BAE Systems Tapped For Continued Production Of BFVs | Netherlands Want More F-35s | RAAF To Equip Super Hornets With AN/ASG-34 podded IRSTOct 10, 2019 05:00 UTC
The US Army awarded BAE Systems a contract modification worth up to $269 million for continued production of the Bradley Fighting Vehicle, the company announced in a press release. The deal for additional 168 Bradley A4 Infantry Fighting Vehicles is part of the Army’s combat vehicle modernization strategy and will help ensure force readiness of the Armored Brigade Combat Teams. The Bradley Fighting Vehicle or BFV is an armored personnel carrier. The development of the Bradley dates back to the pre-Vietnam era. The early plans of an advanced armor personnel vehicle were being discussed in the early 1960s, even as the M113 Armored Personnel Carrier was just entering service. The Bradley Fighting Vehicle entered production in 1981 and became a replacement for the M113. The Bradley is considered to be a more powerful and faster vehicle than the M113, and its better suspension increases speed on off-road terrain. The Bradley A4 is equipped with an enhanced powertrain that maximizes mobility and increases engine horsepower, providing rapid movement in reaction to combat or other adverse situations. Wide angle Driver’s Vision Enhancer, improved Force XXI Battle Command Bridge and Below (FBCB2) software integration improves friendly and enemy vehicle identification, enhancing situational awareness.
General Dynamics Mission Systems announced in a news release that the National Security Agency (NSA) has certified its new TACLANE-Nano (KG-175N) network encryptor to secure voice, video and data information classified Top Secret/SCI and below traversing public and private IP networks. The NSA certification validates the TACLANE-Nano’s capability to protect the most critical data communications through government networks and national security systems worldwide at any time, it says in the release. The TACLANE-Nano provides end-to-end encryption in the smallest, lightest and lowest power configuration of any HAIPE device available today. It operates faster than 100 megabits per second aggregate throughout in a Size, Weight, Power and Cost (SWaP-C) optimized form factor, ruggedized to withstand the rigors of a mobile environment.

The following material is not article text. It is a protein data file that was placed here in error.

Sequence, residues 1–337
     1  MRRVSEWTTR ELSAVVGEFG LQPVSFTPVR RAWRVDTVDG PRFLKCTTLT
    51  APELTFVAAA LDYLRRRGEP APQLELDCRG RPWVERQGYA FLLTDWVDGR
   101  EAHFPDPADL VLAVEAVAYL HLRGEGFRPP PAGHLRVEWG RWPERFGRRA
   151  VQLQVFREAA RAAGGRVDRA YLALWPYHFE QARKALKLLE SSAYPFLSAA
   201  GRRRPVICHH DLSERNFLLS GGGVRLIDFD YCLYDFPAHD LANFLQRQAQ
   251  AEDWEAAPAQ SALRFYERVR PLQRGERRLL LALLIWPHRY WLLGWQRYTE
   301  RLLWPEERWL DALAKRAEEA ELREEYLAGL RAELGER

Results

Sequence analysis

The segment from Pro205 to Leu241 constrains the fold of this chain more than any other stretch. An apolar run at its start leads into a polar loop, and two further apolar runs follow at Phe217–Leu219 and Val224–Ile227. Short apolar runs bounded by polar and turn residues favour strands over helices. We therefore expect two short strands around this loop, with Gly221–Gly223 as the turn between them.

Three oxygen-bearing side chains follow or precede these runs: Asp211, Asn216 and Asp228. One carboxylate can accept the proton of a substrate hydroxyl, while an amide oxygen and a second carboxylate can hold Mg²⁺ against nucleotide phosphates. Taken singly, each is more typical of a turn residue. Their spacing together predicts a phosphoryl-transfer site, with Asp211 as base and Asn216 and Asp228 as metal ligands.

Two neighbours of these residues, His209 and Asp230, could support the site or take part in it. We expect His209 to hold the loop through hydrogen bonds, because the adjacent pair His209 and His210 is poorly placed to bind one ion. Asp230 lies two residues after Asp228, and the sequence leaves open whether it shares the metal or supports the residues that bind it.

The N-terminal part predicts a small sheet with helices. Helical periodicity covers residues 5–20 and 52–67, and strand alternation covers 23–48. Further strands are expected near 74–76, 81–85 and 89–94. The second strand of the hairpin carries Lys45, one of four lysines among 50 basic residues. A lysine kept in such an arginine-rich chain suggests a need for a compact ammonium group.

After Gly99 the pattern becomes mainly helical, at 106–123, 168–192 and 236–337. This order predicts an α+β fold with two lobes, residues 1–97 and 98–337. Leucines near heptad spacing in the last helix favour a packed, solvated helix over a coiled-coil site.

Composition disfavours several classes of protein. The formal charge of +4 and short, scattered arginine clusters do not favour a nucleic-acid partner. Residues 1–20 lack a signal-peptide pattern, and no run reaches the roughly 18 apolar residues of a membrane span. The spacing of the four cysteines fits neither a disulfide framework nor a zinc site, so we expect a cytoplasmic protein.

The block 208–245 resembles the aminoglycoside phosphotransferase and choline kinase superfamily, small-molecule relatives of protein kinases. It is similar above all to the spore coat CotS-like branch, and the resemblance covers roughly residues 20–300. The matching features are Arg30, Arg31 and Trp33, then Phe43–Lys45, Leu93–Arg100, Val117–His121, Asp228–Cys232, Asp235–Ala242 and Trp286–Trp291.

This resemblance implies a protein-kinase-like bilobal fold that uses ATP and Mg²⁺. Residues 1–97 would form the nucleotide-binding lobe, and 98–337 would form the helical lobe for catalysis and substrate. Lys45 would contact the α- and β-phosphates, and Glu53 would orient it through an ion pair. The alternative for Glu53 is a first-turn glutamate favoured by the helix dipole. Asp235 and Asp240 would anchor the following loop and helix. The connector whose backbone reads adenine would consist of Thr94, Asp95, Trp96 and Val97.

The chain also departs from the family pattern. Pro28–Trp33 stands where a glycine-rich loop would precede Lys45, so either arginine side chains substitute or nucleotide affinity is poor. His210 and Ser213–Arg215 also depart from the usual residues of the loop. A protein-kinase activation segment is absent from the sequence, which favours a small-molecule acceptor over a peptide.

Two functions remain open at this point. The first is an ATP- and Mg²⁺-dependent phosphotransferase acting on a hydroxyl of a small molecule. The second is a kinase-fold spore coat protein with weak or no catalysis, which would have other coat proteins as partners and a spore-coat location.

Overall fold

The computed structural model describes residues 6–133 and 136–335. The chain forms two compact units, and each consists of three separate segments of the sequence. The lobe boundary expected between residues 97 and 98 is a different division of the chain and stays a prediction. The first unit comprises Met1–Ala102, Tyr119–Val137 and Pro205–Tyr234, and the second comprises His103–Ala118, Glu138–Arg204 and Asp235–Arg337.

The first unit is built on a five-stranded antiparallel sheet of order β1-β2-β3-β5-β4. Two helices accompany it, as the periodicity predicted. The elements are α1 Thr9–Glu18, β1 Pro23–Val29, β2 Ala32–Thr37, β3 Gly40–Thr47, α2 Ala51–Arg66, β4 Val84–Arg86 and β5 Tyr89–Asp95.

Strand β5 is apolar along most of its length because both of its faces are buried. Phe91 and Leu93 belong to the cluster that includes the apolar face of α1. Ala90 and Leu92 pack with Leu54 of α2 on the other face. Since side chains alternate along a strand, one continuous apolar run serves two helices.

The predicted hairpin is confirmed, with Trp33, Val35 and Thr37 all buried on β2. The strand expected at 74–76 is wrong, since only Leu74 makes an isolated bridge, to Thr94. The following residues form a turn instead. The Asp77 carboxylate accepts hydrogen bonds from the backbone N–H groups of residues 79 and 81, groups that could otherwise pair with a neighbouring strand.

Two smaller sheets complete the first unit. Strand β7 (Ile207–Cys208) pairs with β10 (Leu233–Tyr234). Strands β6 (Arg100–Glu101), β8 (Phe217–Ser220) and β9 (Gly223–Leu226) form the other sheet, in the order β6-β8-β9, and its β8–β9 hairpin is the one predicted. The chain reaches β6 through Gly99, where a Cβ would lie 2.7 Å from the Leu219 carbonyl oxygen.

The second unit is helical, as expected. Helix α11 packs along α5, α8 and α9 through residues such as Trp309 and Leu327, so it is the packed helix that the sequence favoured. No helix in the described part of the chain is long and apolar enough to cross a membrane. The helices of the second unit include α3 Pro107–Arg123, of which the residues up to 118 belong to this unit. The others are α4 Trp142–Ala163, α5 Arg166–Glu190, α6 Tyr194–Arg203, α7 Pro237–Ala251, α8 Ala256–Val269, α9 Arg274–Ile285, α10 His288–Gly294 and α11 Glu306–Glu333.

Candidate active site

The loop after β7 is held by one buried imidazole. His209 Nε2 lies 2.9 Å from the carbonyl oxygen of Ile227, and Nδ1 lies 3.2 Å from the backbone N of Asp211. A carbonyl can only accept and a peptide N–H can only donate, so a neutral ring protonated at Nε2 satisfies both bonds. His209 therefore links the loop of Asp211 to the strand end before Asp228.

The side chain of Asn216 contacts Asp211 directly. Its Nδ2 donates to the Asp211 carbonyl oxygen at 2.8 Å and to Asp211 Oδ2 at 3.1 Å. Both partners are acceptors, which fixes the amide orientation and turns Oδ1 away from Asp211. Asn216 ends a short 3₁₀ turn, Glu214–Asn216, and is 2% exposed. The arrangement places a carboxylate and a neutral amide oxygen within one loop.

Middle East & Africa
Soldiers from the US Army’s 1st Battalion 178th Infantry Regiment were taught how to counter commercial off-the-shelf (COTS) drones ahead of their deployment to Afghanistan in a course conducted by the 5th Armored Brigade, First Army Division West. This is the first time that a unit had received deliberate training on Counter-Unmanned Aircraft Systems. Fort Bliss, the largest FORSCOM installation, is the first in the Army to persistently permit military personal to fly commercial-off-the-shelf UAS in the training area. This capability was created to train soldiers and joint partners to combat the emerging small Unmanned Aircraft Systems threat around the world.
The Netherlands want to buy nine more F-35s. The Dutch government announced plans to purchase nine more of Lockheed Martin’s F-35 jets, a move that would bring the country’s inventory to 46. The acquisition will be worth approximately $1.1 billion. It will lay the foundation for a third F-35 squadron in the Dutch Air Force, a plan that government officials first had in late 2018. The additional aircraft are expected to contribute to the Air Force’s objective of having four jets available for NATO missions while also performing homeland defense operations and accounting for training requirements and maintenance downtime.
Thales Australia signed a Memorandum of Understanding with the Australian Maritime College to establish a presence at the Tasmanian Defense Innovation and Design Precinct. This makes it the first defense industry prime to commit to a presence at the Defense Innovation and Design Precinct. “The Federal Government’s $30 million funding to establish the Defence Innovation and Design Precinct in Tasmania reflects the range of smart innovations under development at the Australian Maritime College and from SMEs in Tasmania,” Thales Australia CEO Chris Jenkins said. The announcement builds on Thales’s initiative to establish a sonar testing capability in Tasmania’s deep, cold and acoustically quiet lakes.
The Royal Australian Air Force will equip its Boeing F/A-18F Super Hornets with the same AN/ASG-34 podded infrared search-and-track (IRST) system as carried by the US Navy, Jane’s reports. A sources-sought notification issued by the US Naval Air Systems Command on October 2 calls for 12 IRST systems to cover the RAAF’s fleet of 24 Super Hornets. Developed by Lockheed Martin, with Boeing and General Electric, the AN/ASG-34 IRST is a passive system geared at giving the Super Hornet the capability to locate and engage airborne and ground targets when use of the Raytheon AN/APG-79 AESA radar would give away the aircraft’s position.
Watch: Testing of the Air Force’s Super-Secret B-21 Raider Long-range Strike Bomber